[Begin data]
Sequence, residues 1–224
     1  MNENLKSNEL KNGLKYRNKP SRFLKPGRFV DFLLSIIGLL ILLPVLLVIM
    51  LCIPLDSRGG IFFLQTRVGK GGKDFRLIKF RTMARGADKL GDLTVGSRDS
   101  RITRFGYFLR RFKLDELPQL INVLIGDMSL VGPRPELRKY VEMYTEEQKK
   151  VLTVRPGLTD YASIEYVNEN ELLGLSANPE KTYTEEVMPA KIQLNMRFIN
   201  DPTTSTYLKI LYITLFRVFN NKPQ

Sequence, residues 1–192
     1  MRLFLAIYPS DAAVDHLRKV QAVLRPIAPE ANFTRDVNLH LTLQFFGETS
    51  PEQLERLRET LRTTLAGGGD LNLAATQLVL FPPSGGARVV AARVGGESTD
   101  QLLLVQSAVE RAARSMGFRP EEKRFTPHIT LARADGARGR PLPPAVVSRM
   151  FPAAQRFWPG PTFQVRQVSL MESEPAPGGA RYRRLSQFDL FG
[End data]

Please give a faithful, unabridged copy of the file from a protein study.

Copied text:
Sequence, residues 1–224
     1  MNENLKSNEL KNGLKYRNKP SRFLKPGRFV DFLLSIIGLL ILLPVLLVIM
    51  LCIPLDSRGG IFFLQTRVGK GGKDFRLIKF RTMARGADKL GDLTVGSRDS
   101  RITRFGYFLR RFKLDELPQL INVLIGDMSL VGPRPELRKY VEMYTEEQKK
   151  VLTVRPGLTD YASIEYVNEN ELLGLSANPE KTYTEEVMPA KIQLNMRFIN
   201  DPTTSTYLKI LYITLFRVFN NKPQ

Sequence, residues 1–192
     1  MRLFLAIYPS DAAVDHLRKV QAVLRPIAPE ANFTRDVNLH LTLQFFGETS
    51  PEQLERLRET LRTTLAGGGD LNLAATQLVL FPPSGGARVV AARVGGESTD
   101  QLLLVQSAVE RAARSMGFRP EEKRFTPHIT LARADGARGR PLPPAVVSRM
   151  FPAAQRFWPG PTFQVRQVSL MESEPAPGGA RYRRLSQFDL FG